Dopico pitched most of the year in Advanced A, only reaching Double-A for one appearance before heading to Fall League. He has posted gaudy strikeout totals despite a fastball that sits in the 92-to-93 mph range thanks to quality movement and two solid off-speed pitches. Dopico is a high-floor reliever who could hold his own in a middle relief role even without much high-minors experience. His walk numbers might scare clubs off, however.
Baez’ raw arm-strength has put him on the Nationals’ prospect radar the last few years, though he hasn’t developed the control to turn the corner as a prospect in the rotation. His stuff was down a bit early in the season, but teams that got reports from August and September saw Baez up to 97 mph with flashes of a sharp slider. He has never pitched in relief before, nor has he reached Double-A. Even so, Baez’ stuff is good enough that a team might take a chance on his long-term upside in the Rule 5.
Sorted alphabetically by MLB organization
Josh Graham, RHP, Atlanta Braves
Ht/Wt: 6’1” / 215 lbs. B/T: R/R Highest Level: AA Age (as of April 1, 2019): 25y, 5m
Graham logged more time in the high-minors last year than he had in any year previous as a pro, but he didn’t pitch particularly well with Double-A Mississippi. The burly righty would be a total upside play as a Rule 5 pick, as a team would be buying in on the raw stuff and not much performance. His fastball has reached the high-90s, backed up by a hard slider and changeup with excellent separation.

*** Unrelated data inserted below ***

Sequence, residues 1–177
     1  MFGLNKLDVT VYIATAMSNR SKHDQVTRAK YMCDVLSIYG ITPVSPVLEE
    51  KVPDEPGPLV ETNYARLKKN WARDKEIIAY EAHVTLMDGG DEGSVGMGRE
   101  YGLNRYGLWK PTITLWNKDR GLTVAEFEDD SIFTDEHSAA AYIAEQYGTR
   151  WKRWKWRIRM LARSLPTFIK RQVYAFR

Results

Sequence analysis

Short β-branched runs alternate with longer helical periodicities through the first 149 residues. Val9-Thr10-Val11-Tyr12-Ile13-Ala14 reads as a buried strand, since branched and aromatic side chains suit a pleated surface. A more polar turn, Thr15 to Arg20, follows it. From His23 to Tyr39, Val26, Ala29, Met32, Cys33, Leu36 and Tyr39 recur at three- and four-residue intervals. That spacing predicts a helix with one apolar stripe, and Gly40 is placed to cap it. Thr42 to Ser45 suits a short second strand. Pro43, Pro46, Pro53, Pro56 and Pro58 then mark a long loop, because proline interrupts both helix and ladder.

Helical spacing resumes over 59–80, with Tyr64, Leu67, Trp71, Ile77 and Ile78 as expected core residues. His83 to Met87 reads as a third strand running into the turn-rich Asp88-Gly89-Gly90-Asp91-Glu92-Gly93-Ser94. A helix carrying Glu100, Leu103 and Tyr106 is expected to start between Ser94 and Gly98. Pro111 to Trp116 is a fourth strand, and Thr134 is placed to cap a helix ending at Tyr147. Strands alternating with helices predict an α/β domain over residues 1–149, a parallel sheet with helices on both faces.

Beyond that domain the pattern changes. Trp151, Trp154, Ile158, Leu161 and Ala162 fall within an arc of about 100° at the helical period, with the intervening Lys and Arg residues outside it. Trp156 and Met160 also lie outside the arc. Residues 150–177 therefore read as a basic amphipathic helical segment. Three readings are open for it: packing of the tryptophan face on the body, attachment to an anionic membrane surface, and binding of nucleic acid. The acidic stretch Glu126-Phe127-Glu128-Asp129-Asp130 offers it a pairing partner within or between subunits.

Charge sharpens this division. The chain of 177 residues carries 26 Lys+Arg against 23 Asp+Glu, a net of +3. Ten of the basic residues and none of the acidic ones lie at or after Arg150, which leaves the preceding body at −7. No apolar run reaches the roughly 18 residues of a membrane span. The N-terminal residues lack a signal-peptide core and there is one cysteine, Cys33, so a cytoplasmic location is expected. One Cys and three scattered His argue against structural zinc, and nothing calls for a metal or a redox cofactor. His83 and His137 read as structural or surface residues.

Luis Gonzalez, LHP, Baltimore Orioles
Ht/Wt: 6’2” / 170 lbs. B/T: L/L Highest Level: AAA Age (as of April 1, 2019): 27y, 2m
Gonzalez was originally signed from Venezuela by the Phillies, who released him after 2013. Baltimore scooped him up and he has since climbed through the ranks slowly as an O’s prospect. 2018 was a big season for Gonzalez, who reached Triple-A for the first time and was named to the Futures Game. His fastball touches 96 mph from the left side, and that arm-strength could appeal to a team looking to take a flyer on ‘pen help.
The towering righty switched to relief full-time in 2018 and had immediate success. Between his performance at Double-A and time spent in the Fall League after the year, scouts have gotten lots of opportunities to get eyes on Thompson. His fastball touches the high-90s at best, and his go-to cutter plays well off the heat. Thompson’s ability to get big leaguers out will come down to the consistency of his off-speed stuff and control.